The authors certify that they have obtained all appropriate patient consent forms, in which the patients gave their consent for images and other clinical information to be included in the journal. The patients understand that their names and initials will not be published and due effort will be made to conceal their identity, but that anonymity cannot be guaranteed.

REFERENCES

1. Costa-Silva M, Fernandes I, Rodrigues AG, Lisboa C. Anogenital warts in pediatric population. An Bras Dermatol. 2017;92:675-81.

2. Costa-Silva M. Azevedo F, Lisboa C. Anogenital warts in children:Analysis of a cohort of 34 prepubertal children. Pediatr Dermatol. 2018;35:e325-7.

3. Culton DA, Morrell DS, Burkhart CN. The Management of Condyloma Acuminata in the Pediatric Population. Pediatr Ann. 2009;38:368–72.

4. Kingston M, Smurthwaite D, Dixon S, White C. How to manage children with anogenital warts. Sex Transm Infect. 2017;93:267-9.

5. Murray PR, Ks Rosenthal, Pfaller MA. Papillomaviruses and Polyomaviruses. In:Murray PR, Ks Rosenthal, Pfaller MA, editors. Medical Microbiology. 7th ed. Philadelphia:Elsevier Sounders;2013. pp.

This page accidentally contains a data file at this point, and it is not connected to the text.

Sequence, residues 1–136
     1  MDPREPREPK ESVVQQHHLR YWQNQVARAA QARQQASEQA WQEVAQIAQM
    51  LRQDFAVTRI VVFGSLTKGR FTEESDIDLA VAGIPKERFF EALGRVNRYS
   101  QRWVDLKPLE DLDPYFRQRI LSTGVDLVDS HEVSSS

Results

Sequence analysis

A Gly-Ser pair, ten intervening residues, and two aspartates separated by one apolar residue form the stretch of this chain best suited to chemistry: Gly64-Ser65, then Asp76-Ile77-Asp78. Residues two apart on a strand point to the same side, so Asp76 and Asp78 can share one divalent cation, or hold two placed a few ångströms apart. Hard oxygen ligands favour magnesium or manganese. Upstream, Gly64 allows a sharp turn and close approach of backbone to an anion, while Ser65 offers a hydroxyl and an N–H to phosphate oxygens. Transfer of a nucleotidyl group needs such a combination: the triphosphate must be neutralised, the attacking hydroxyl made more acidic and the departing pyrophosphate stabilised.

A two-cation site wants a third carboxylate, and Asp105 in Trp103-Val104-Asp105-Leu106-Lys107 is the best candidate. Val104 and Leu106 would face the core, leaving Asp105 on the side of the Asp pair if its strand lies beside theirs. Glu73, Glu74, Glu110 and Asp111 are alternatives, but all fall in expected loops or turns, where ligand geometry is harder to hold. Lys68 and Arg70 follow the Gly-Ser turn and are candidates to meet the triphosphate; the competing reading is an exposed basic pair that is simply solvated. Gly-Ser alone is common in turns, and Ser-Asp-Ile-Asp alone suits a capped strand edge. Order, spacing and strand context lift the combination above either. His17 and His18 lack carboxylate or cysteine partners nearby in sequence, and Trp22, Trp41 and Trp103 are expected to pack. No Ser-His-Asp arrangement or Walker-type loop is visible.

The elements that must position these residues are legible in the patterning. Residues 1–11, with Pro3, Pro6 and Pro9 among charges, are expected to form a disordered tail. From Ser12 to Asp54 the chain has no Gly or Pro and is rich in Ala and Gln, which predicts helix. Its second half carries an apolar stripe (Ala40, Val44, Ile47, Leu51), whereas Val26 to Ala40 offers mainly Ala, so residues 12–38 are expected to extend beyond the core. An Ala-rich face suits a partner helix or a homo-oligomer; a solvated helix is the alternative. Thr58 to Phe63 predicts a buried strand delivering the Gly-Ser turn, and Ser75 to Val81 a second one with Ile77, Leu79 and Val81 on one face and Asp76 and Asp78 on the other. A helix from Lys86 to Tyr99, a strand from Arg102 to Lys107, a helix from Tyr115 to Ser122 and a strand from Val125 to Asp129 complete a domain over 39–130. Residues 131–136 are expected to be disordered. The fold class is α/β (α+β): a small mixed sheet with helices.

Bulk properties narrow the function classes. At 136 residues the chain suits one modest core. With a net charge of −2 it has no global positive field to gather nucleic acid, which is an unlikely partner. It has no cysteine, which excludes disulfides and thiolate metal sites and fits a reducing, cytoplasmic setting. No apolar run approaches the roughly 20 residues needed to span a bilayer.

6. Richardson H, Kelsall G, Tellier P, Voyer H, Abrahamowicz M, Ferenczy A, et al. The natural history of type-specific human papillomavirus infections in female university students. Cancer Epidemiol Biomarkers Prev. 2003;12:485–90.

7. Markowitz LE, Dunne EF, Saraiya M, Chesson HW, Curtis CR, Gee J, et al. Centers for Disease Control and Prevention (CDC). Human papillomavirus vaccination:recommendations of the Advisory Committee on Immunization Practices (ACIP) MMWR Recomm Rep. 2014;63:1–30.

8. Lacey CJ, Goodall RL, Tennvall GR, Maw R, Kinghorn GR, Fisk PG, et al. Randomised controlled trial and economic evaluation of podophyllotoxin solution, podophyllotoxin cream, and podophyllin in the treatment of genital warts. Sex Transm Infect. 2003;79:270–5.

Notes

Source of Support: Nil,

Conflict of Interest: None declared.

Request permissions
If you wish to reuse any or all of this article please use the e-mail (brzezoo77@yahoo.com) to contact with publisher.

Related Content:

Related Articles Search Authors in

      http://orcid.org/0000-0002-3868-5872
      http://orcid.org/0000-0003-3455-3810
 


CONTENT

SERVICES

Other Resources

Our Dermatology Online

Home
Current Issue
All Issues
Instruction for authors
Submit Manuscripts
Ethics in Publishing
For Reviewers
Readers
About
Editors & Publishers 
Statistics
Copyright
Contact Us